Linked by Thom Holwerda on Fri 11th Feb 2011 11:35 UTC
PDAs, Cellphones, Wireless A lot of people are wondering why Nokia didn't choose to go with Android. How can Nokia differentiate themselves when Android is a lot more open and free than Windows Phone 7? As usual, the key to this is in the details. If you read the announcements carefully, you'll see that Microsoft offered Nokia something Google most likely didn't. Update: What a surprise. Elop just confirmed Nokia has a special deal with Microsoft. Whereas HTC, Samsung, and so on are not allowed to customise WP7 - Nokia is, further confirming my theory.
Thread beginning with comment 462197
To view parent comment, click here.
To read all comments associated with this story, please click here.
RE[2]: Nokia, Goodbye!
by dsmogor on Fri 11th Feb 2011 20:49 UTC in reply to "RE: Nokia, Goodbye!"
Member since:

Please note that WP7 is not a savior for them this year anyway.
Unless they are finishing their customizations now (which can't be possible given short time from their former strategy announcements and short presence of the system itself) and are ready to put some hardware to market in the coming weeks they will continue to loose marketshare in droves, additionally fueled by developer stir and uncertainty. Obviously can't just release vanilla WP phone quick, that would be branding subsidence.
Next year they'd better come up with full lineup of hw that sweeps all the competition of the floor (incl. IPhone 5) or their prospects in mobile space are quite bleak.

They may have not any meego gear in store for this year but they have nothing with WP7 either.
So the comparison of the outcome should take into account the situation in 12 months, not now:
- MS with ??? market share (struggling) and a somehow more complete WP7 + some nokia customizations that are meant to bring the WOW factor back (after 12 months the platform will have come off headlines)
- Meego with 0 market share, some loyal dev following and potentially nice UI concepts coming from their freedom to shape the platform.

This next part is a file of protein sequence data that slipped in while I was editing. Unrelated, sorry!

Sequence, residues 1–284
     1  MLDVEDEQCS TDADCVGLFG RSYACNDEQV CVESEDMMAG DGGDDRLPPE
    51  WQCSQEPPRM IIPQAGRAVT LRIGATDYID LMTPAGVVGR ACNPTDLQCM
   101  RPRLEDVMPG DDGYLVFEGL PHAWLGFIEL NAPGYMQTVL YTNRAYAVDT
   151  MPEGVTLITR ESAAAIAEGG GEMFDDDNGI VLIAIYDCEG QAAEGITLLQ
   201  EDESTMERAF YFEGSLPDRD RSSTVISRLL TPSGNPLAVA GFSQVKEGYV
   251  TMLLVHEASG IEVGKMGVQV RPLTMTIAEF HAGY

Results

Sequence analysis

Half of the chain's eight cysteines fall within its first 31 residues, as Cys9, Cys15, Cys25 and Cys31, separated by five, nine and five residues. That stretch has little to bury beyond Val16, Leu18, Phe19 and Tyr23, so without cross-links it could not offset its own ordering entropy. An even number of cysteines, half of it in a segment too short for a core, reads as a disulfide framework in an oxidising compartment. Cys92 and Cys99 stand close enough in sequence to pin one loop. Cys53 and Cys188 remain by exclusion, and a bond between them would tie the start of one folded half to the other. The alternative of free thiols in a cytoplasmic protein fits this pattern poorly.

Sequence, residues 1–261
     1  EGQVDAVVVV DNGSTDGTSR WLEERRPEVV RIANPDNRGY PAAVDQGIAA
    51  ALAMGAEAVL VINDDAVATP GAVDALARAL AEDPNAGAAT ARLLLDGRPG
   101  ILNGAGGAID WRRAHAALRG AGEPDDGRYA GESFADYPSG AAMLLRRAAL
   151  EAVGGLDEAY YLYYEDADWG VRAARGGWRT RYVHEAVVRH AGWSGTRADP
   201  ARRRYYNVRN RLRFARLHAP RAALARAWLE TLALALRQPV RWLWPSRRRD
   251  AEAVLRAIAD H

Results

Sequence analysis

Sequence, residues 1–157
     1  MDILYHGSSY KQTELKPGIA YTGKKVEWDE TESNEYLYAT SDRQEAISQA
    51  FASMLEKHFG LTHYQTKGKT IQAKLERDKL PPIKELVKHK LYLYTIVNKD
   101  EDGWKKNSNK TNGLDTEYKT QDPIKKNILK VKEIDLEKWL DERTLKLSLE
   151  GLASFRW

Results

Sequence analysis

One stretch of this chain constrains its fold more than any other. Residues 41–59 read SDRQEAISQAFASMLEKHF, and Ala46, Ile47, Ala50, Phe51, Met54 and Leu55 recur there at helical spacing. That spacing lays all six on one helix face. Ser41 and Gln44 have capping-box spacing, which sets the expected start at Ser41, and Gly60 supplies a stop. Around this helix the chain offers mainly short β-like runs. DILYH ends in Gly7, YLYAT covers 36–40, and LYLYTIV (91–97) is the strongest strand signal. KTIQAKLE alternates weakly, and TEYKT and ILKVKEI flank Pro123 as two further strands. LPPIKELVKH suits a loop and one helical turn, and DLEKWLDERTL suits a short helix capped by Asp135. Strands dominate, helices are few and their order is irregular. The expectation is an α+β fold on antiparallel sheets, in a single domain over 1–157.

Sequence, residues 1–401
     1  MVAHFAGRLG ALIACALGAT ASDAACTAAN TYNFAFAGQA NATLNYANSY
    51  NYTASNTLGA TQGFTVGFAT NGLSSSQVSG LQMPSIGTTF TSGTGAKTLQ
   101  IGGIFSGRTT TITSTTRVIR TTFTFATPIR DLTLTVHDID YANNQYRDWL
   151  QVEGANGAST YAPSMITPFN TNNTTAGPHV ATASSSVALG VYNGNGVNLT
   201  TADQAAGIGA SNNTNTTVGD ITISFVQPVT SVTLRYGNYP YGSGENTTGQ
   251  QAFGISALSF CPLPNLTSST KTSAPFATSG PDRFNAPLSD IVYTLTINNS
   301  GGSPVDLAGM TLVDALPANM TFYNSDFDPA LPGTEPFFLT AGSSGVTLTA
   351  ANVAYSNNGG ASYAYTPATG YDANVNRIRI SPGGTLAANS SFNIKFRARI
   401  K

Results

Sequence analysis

If we assume they weren't competent enough to pull anything (better that WP7) off with meego next year that they, well, deserve their fate, but I simply don't want to accept that.

Edited 2011-02-11 21:02 UTC

Reply Parent Score: 3

RE[3]: Nokia, Goodbye!
by nt_jerkface on Sat 12th Feb 2011 00:36 in reply to "RE[2]: Nokia, Goodbye!"
nt_jerkface Member since:

The wouldn't be able to create an OS as good as WP7 in 2 years and I'm sure that was factored into their decision. Try WP7 out for yourself, I'm still shocked that it is a MS 1.0 release.

MeeGo has the Qt dev advantage but the .NET community is larger.

But more importantly MeeGo has been in development for years and still isn't ready. Like I said before I'm sure it would take another year after release to get the bugs out and they don't have that kind of time. They also wouldn't have much to offer consumers since to them it would look like Android but without the software library.

They had to partner with another platform and using Android just feeds the beast. Partnering with MS gives them a chance at breaking up the market to prevent a duopoly and makes it easier to enter later with their own OS. It's a better strategy than creating a second rate Android. MS can also be leveraged, Google probably laughed at the idea of helping Nokia.

Reply Parent Score: 2

RE[4]: Nokia, Goodbye!
by dsmogor on Sun 13th Feb 2011 14:28 in reply to "RE[3]: Nokia, Goodbye!"
dsmogor Member since:

It's commonly accepted that 2011 was the last year they could have enterd the market with their own platform.

Hoping that it would be easier in say 2013 with market divided between 3 major players, incl. one that their present sales depend on is a pure nonsese.

Now I see their fate as a market dominant force was sealed long time ago (probably at the Iphone premiere). But a from accepting that simple fact to becoming a just an OEM... there's a whole world of options beetween that.

They should have start the harsh restructirization, preparing for inevitable scaling down of revenue a year ago and announce the results now. In the mean time they should have put all the resources on finishing meego early this year at latest.

The layoffs caused by becoming an MS OEM will be much bigger than that in the long term.

If in fact the MS way was the only sensible choice then it shows really dark picture: the biggest technology company in EU is incapable of innovating. For me being an EU citizen that's really sad state of affairs in the post crisis world.
It's Hard to be optimists about EU economy further prospects, after such and announcement.

Edited 2011-02-13 14:33 UTC

Reply Parent Score: 2